Adelie penguins, nesting, part of the enormous colony on Paulet Island, with the tall ramparts of the island and clouds seen in the background.  Adelie penguins nest on open ground and assemble nests made of hundreds of small stones, Pygoscelis adeliae

Adelie penguins, nesting, part of the enormous colony on Paulet Island, with the tall ramparts of the island and clouds seen in the background. Adelie penguins nest on open ground and assemble nests made of hundreds of small stones.
Image ID: 25024
Species: Adelie Penguin, Pygoscelis adeliae
Location: Paulet Island, Antarctic Peninsula, Antarctica

Melting ice along the shore of Paulet Island

Melting ice along the shore of Paulet Island.
Image ID: 24833
Location: Paulet Island, Antarctic Peninsula, Antarctica

I move to the edge of the island to watch the penguins that are departing to forage at sea. They are not unlike a little river: birds constantly “flowing” from their nesting areas on the plateau above down into the water. Hanging over the cobblestone beach on which I sit is a small cliff of melting ice. Every 30 seconds or so a group of penguins approaches along the edge of this ice, using well-worn paths left behind by thousands of small feet, until they reach a gap in the ice cliff through which they can jump down onto the cobblestone. From there they gather at the water’s edge into nervous groups of 10 to 50 before rushing en masse into the water, strategically using their numbers to foil any predatory leopard seal that may be waiting underwater. I setup my camera and tripod in a location where I am sure the penguins will come by. I then move away, and wait. Soon a curious group gathers around the camera, looking at it inquisitively, clucking softly and gently pecking at it to discover what it might be. As they do so, I use my wireless trigger ($20 on Ebay) to take a few pictures of them — from 50′ away. The camera is set to operate as silently as possible to avoid startling the little birds, and the technique works great. When the penguins finally leave, I am able to go inspect my camera and see the images I got; a few look like keepers. I try my remote-cam technique a few more times and am happy with the results. Here are a couple examples; I could have been sipping a margarita in a beach chair while taking these, if it were not so cold:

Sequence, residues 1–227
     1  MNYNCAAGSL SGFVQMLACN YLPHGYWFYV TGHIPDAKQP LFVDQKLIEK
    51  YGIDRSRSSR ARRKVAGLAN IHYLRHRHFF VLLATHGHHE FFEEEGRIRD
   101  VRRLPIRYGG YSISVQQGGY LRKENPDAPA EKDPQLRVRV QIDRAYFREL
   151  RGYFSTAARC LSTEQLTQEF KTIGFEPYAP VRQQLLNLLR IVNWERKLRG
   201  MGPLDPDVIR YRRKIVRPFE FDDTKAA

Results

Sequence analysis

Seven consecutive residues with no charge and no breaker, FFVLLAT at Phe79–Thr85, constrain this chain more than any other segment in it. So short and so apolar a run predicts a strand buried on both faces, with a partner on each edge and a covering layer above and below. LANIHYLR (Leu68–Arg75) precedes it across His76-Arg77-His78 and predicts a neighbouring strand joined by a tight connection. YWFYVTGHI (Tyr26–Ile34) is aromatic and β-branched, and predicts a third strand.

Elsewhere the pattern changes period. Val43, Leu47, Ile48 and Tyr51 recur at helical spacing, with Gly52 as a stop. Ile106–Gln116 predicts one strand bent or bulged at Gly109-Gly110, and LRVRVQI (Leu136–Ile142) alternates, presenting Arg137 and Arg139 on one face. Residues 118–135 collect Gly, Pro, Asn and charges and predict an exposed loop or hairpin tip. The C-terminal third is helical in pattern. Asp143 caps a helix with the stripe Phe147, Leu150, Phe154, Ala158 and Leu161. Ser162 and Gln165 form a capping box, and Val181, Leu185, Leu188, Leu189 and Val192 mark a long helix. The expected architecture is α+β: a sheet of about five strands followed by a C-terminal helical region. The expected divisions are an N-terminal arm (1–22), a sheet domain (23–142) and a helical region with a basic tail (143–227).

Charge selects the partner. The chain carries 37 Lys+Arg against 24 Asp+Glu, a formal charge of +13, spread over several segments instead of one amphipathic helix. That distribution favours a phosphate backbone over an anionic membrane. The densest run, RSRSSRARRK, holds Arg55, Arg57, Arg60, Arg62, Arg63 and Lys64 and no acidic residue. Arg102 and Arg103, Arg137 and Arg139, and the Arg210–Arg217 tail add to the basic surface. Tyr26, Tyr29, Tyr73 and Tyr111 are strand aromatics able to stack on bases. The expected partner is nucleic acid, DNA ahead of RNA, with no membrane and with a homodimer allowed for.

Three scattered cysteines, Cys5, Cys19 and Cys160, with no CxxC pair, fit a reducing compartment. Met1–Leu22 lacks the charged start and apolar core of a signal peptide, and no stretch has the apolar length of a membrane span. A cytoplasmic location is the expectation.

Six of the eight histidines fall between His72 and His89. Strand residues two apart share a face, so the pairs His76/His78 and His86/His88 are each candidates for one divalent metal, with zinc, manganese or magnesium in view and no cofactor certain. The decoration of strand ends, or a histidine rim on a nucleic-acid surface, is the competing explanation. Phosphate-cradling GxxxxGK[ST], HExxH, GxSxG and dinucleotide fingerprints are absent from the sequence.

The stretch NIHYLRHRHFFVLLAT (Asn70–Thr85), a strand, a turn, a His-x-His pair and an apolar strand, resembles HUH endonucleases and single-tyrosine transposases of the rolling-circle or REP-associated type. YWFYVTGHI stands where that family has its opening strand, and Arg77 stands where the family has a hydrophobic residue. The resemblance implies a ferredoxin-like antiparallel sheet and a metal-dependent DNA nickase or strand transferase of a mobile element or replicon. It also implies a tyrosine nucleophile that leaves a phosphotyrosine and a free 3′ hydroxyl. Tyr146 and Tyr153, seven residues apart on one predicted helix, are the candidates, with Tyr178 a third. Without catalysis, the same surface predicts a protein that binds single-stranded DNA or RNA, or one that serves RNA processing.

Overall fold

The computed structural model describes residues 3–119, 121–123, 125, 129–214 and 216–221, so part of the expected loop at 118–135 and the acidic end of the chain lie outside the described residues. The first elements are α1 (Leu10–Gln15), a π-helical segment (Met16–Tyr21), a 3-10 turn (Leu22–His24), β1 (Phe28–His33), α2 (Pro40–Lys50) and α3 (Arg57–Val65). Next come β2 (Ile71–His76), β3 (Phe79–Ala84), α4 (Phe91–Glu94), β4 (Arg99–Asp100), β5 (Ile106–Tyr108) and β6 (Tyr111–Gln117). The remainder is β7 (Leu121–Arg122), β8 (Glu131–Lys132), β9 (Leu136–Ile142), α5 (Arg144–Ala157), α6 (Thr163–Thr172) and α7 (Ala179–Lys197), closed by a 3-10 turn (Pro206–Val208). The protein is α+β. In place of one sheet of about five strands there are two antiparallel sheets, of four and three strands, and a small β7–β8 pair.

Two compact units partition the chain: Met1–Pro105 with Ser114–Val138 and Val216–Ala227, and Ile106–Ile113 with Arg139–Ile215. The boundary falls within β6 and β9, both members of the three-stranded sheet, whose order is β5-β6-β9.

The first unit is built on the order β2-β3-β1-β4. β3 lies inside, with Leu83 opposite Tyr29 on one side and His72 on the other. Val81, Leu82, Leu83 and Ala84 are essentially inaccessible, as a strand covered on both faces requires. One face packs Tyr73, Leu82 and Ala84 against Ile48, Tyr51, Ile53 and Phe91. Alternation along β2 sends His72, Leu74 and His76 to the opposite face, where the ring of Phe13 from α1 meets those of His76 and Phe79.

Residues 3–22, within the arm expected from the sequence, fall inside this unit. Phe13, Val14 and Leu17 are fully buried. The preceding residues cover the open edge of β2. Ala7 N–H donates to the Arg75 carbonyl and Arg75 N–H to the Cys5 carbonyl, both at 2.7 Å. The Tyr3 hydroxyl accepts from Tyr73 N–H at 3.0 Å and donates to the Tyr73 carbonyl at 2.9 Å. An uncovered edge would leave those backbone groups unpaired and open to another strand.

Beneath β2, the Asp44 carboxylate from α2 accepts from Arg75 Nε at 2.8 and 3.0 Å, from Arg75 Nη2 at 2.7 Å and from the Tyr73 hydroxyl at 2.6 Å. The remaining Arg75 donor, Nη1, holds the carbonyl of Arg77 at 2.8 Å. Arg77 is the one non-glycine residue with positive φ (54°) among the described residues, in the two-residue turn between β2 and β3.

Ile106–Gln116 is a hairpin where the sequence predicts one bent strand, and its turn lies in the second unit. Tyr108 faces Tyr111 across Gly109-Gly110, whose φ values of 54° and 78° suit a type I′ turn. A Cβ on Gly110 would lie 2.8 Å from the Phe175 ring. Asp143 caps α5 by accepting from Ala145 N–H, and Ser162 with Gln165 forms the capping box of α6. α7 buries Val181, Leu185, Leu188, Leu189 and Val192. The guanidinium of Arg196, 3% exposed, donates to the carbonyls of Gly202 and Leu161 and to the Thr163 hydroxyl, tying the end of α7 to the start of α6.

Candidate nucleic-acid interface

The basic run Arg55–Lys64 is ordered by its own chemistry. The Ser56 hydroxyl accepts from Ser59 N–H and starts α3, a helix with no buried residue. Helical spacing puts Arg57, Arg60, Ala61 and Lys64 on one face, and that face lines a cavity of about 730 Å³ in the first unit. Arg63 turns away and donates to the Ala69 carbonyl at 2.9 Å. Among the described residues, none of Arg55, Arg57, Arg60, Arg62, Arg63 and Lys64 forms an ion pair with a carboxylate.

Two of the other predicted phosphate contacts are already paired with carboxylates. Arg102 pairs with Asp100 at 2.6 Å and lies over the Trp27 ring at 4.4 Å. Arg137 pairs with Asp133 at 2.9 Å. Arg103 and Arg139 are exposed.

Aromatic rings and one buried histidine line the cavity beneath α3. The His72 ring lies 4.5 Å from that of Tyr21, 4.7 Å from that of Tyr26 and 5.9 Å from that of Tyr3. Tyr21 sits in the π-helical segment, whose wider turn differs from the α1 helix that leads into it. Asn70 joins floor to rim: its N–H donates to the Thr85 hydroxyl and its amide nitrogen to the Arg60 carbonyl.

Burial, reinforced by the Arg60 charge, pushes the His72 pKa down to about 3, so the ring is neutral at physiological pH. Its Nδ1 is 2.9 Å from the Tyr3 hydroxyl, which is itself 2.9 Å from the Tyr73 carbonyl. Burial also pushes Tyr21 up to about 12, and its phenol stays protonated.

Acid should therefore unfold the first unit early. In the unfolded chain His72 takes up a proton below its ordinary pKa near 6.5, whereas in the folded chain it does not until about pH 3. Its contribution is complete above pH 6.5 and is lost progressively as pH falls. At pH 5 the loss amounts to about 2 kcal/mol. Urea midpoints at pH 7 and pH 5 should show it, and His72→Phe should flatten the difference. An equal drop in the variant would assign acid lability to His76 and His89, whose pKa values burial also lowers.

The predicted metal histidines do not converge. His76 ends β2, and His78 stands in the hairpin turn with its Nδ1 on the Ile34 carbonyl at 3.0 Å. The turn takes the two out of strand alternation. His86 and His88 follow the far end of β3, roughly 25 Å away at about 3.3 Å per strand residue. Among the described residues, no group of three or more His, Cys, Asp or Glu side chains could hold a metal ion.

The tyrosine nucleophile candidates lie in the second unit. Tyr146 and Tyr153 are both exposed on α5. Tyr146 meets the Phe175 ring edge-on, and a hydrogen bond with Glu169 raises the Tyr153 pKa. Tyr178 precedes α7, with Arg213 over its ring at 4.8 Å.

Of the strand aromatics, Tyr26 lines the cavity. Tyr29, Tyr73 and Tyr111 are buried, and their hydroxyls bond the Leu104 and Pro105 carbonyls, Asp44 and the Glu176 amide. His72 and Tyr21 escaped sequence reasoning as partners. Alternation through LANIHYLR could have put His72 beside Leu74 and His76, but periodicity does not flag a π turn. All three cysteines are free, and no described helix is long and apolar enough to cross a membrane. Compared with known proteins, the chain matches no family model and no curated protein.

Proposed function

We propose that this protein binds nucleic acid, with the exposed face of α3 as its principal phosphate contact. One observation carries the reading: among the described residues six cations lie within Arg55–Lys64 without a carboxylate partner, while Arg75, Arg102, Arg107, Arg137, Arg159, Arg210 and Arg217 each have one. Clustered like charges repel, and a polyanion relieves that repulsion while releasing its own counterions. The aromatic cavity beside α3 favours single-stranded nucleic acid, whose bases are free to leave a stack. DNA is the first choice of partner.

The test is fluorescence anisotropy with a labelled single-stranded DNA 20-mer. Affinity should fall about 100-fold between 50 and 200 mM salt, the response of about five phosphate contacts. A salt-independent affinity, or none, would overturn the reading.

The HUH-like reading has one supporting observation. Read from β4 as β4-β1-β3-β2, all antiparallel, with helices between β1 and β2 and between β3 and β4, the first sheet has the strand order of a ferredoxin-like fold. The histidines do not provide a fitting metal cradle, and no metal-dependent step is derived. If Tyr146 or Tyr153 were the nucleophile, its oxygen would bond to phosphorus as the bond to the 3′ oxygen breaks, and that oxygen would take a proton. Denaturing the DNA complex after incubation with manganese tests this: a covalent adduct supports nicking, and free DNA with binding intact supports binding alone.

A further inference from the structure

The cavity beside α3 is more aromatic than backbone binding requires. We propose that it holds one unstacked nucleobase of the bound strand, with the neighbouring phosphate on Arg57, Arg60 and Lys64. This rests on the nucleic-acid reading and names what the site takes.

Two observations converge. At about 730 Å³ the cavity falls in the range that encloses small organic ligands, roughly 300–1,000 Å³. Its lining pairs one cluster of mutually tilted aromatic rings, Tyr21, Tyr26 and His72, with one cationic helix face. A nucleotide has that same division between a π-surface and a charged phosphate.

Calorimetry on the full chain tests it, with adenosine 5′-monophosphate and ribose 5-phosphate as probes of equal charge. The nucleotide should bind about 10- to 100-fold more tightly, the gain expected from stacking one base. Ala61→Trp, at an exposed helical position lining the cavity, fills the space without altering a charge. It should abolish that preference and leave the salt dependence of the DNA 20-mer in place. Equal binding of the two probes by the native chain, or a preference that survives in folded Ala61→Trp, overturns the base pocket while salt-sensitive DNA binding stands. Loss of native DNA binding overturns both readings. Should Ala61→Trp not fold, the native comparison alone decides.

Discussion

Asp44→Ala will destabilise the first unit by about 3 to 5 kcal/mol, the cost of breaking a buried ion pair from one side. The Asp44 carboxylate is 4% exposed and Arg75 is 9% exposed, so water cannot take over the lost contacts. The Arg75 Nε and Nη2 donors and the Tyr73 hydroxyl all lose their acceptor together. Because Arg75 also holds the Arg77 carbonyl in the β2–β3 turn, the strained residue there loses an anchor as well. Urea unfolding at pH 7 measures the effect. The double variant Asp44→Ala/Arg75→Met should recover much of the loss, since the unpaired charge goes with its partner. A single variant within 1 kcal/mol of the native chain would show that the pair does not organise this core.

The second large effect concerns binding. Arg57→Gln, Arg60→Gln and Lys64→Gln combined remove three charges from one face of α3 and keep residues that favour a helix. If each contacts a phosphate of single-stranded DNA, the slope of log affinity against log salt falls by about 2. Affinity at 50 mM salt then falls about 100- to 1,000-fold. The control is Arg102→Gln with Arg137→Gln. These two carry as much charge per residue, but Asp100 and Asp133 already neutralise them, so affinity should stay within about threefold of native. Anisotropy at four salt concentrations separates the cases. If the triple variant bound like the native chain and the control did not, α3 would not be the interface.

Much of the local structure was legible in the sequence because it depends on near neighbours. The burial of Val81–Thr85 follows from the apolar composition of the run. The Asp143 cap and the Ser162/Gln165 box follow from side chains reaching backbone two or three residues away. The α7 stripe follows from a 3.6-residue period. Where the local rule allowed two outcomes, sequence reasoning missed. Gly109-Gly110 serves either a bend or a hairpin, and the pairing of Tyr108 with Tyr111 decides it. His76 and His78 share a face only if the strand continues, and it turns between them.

Adelie penguins navigate a steep dropoff, to get from their nests down to a rocky beach, in order to go to sea to forage for food, Pygoscelis adeliae, Paulet Island

Adelie penguins navigate a steep dropoff, to get from their nests down to a rocky beach, in order to go to sea to forage for food.
Image ID: 25020
Species: Adelie Penguin, Pygoscelis adeliae
Location: Paulet Island, Antarctic Peninsula, Antarctica

A group of Adelie penguins, on packed snow, Pygoscelis adeliae, Paulet Island

A group of Adelie penguins, on packed snow.
Image ID: 25021
Species: Adelie Penguin, Pygoscelis adeliae
Location: Paulet Island, Antarctic Peninsula, Antarctica

As the day passes, I realize that the movement of the penguins here cannot be conveyed in a single image. So I spend my last two hours on shore arranging several time-lapse sequences, composed of hundreds of photos that together are arranged into a short movie. One never really knows how the result of a time-lapse effort will appear until the final product is finished on the computer. I did not finally see the result of these efforts until now, some six months after my day on Paulet Island: